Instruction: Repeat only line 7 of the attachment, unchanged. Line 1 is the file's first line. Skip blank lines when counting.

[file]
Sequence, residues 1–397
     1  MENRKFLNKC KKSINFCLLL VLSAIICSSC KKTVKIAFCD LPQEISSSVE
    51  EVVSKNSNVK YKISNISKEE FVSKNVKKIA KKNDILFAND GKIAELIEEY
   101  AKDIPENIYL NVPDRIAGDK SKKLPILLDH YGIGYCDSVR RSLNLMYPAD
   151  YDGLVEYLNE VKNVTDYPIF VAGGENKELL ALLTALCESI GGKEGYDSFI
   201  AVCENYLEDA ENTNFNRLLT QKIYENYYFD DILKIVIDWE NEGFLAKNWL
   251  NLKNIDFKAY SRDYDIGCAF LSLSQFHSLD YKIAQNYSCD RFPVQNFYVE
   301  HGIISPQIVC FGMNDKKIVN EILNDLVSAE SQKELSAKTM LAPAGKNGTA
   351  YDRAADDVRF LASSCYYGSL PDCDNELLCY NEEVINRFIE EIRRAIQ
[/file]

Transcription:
   251  NLKNIDFKAY SRDYDIGCAF LSLSQFHSLD YKIAQNYSCD RFPVQNFYVE